So what happened in the 3rd set? Well for starters, Djokovic stopped making unforced errors (12 in the first, and 8 in the second, versus 5 and 2 in the third and fourth) respectively. Now the false prophets of belief would have you believe that in the third set, Djokovic suddenly started to believe he was going to win the match, even though he was down two sets to love and playing like a bag of dirt - as in, "I got this SOB right where I want him!" But that's laughable. The truth is that unbeknownst to the Chris Fowler's of the world, Djokovic's coach identified major problems he had when matches got tight in the past, and worked (not so) innovatively to correct it. And the very things they worked on earned Djokovic his victory Saturday, and dare I say his overall improvement this year, and ascension to #1.

Martin Vajda, a coach who I had thought very little of, given Djokovic's stagnation as a player since 2008, realized that Djokovic was making a very rudimentary technical error when the chips were down - something that most club players do without even thinking about it, and apparently so was Djokovic. The natural tendency when you're on the verge of winning is to try not to lose - in other words, keep the ball in play, and don't give the match away with an unforced error. To do that, most players subconsciously rely on racquet head deceleration, and Djokovic was no different. So when the going got tough, he would make childish unforced errors because he lacked the racquet head speed to control his shots with pace and spin.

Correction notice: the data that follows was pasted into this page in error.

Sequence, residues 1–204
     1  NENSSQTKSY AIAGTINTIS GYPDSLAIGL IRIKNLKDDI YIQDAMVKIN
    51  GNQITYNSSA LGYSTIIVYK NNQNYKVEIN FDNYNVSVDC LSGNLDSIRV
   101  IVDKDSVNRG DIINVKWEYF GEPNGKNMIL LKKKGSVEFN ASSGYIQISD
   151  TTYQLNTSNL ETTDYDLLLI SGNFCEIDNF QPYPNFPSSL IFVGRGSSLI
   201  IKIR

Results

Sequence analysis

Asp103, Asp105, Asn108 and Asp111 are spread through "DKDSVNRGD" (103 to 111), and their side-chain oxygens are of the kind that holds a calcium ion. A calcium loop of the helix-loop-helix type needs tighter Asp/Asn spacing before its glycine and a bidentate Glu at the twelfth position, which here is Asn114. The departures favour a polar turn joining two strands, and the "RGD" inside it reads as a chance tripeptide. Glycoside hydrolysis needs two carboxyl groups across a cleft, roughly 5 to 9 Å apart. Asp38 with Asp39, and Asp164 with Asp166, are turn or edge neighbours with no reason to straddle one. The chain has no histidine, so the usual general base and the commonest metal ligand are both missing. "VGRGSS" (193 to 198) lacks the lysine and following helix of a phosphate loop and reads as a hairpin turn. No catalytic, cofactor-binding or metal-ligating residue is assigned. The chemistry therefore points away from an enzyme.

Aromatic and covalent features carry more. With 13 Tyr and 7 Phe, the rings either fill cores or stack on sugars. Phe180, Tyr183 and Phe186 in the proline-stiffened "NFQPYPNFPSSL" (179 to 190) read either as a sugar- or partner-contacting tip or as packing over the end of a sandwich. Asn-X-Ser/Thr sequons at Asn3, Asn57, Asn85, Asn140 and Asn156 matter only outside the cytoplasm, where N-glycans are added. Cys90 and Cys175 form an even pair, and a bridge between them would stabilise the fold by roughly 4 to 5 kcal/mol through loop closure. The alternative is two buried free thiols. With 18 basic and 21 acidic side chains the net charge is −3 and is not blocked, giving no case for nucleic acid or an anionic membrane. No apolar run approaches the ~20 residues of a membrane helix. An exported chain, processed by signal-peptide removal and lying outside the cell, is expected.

Ironically, the only way to consistently control direction and spin is to accelerate the racquet head through the point of contact. Knowing this, Vajda decided that the only way to achieve this would be to practice forcing Djokovic to maintain racquet head speed - and the best way to do that is to practice hitting deep hard shots with pace and spin from the ball in hand - like you do with kids when they first learn to play. To hit a solid shot from a ball in hand (or a slow slice, or loopy deep topspin) you have to generate more racquet head speed than you do from a normal shot, because you have no pace to work with coming at you. And this forced racquet head acceleration translates very well in tight points, because your opponent is as likely as you are to take pace out of their shots to make sure they "keep it in". From that training, Djokovic developed a massive cross-court forehand that has a obliterated his opponents (especially Nadal, whose typical response is a slice backhand, which used to trip him up, but now sets him up to pummel with a cross court backhand or forehand up the line, both of which were already a great shots).